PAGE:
The diplomatic immunity of International Organizations (IO) is controversial in international law. Are these privileges justified or unfair? Vote & discuss
Debate suggested by Gonza
Diplomatic immunity for international organisations?
International Organizations need immunities in order to act independently and allow them to apply initiatives and policies accross countries so they can serve their purpose. However, UN IO's immunities were granted back in 1946 with the General Convention on Privileges and Immunities. This Convention has never been updated; today, some countries provide different level of immmunities to UN IO's, for example, the United States doesn't recognize the UN Laissez Passer in spite the fact that they have subscribed the Convention. Is this protective "shield" still necessary and adapted to today's needs?
One of the main consequences is the process of litigation concerning IOs and its staff members. Employees of these organizations enjoy immunity from suit in local courts. This is justified by the nature of the work of many of these IOs and that sometimes they operate in conflict areas where the legitimacy of courts could be questioned. But this also create a problem for those litigating against the members of IOs. Although lower courts tend to restrict immunity, often after defence appeal, higher courts tend to confirm absolute immunity. Immunity may have implications from an ethical perspective. This becomes problematic in particular when litigations are linked to traffic violations, sexual abuse, contract disputes, and employment rights. The costs of litigation at an international level are higher than at local courts and the accusation charges may be dropped for this reason.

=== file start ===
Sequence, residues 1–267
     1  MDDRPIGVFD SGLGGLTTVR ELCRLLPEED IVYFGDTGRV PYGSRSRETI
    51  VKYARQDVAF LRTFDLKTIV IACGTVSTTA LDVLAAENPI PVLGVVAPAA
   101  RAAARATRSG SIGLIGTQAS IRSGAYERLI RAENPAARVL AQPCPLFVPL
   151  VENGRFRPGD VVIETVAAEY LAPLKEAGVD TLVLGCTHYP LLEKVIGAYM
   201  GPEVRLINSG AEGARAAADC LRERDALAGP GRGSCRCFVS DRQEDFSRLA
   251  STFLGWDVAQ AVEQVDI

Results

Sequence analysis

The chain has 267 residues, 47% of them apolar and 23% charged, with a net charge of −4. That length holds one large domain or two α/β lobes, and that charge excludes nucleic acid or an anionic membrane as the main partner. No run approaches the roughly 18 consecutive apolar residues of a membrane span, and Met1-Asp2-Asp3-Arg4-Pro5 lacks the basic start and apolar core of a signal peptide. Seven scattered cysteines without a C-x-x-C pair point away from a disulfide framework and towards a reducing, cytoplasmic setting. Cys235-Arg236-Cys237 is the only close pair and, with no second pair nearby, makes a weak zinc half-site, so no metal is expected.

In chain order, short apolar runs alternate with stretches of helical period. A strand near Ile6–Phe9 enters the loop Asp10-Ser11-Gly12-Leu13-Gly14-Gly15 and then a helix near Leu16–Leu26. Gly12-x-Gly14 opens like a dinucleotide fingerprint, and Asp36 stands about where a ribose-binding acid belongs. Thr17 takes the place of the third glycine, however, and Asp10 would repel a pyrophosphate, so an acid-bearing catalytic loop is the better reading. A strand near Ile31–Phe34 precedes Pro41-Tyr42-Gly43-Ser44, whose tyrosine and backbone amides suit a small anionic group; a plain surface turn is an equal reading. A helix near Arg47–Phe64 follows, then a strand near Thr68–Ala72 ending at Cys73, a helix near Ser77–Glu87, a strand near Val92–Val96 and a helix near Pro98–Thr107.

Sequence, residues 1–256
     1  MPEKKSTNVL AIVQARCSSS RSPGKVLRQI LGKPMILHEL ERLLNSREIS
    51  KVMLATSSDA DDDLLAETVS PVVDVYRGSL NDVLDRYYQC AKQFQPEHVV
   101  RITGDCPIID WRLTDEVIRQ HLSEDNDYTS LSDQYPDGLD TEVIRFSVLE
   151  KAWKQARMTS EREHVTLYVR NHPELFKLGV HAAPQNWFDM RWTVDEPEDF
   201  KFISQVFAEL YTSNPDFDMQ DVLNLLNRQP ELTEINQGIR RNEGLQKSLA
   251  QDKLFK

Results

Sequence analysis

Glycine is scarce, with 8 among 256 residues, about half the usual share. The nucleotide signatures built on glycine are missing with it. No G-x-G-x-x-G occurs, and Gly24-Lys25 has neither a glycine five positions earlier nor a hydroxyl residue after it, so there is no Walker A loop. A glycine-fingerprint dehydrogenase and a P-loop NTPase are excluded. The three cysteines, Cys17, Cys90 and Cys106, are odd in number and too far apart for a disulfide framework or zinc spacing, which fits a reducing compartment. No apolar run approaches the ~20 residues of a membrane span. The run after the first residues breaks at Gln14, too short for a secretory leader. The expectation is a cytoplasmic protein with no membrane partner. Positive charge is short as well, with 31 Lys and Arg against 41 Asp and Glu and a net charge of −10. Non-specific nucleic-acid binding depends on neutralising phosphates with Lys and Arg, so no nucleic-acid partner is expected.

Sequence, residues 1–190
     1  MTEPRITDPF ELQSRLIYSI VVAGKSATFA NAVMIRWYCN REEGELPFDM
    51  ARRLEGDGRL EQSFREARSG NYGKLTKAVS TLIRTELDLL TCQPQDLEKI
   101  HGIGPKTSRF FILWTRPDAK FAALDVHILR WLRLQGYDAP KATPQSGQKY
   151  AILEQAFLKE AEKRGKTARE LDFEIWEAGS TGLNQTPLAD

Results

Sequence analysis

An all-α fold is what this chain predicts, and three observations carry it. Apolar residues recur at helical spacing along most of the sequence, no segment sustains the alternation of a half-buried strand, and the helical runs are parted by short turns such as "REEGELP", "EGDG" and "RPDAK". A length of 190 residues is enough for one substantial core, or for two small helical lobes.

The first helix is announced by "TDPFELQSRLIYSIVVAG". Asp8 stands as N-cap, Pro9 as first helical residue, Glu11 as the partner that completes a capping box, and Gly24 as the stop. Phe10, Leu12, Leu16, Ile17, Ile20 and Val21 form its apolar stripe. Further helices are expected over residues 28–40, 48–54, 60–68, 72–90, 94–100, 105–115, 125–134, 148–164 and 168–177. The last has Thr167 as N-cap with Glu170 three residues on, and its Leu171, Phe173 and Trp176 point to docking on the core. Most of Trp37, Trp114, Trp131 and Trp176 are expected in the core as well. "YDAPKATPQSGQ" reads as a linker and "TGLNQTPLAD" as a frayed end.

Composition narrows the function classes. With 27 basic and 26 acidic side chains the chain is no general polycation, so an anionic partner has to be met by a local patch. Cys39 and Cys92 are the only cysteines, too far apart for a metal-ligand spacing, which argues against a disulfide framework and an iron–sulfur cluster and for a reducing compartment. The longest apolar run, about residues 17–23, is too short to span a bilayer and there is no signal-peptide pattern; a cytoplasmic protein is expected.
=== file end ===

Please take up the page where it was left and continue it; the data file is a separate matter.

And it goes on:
The United Nations is the organization that benefits the most from these immunities and privileges. However, tt is sometimes contested that immunities have a basis in customary international law. There have been criticisms concerning this provision. One of the best known examples is the litigation between the "Mothers of Srebrenica" and a Dutch batallion operating under the banner of the UN. The latter who was in charge of the enclave in July 1995 but that did not protect it from Bosnian Serb forces of General Mladic that ending up committing a genocide.
What do you think: Are immunities for IO's fair? Should they be narrowed to certain activities? Should they be cancelled and IO's comply with local law? To what extent would the action of IOs be slow down or threaten if immunities and privileges were reduced?
If you change your mind, you can change your vote simply by clicking on another option.
International organizations: should we restrict diplomatic immunity and privileges?
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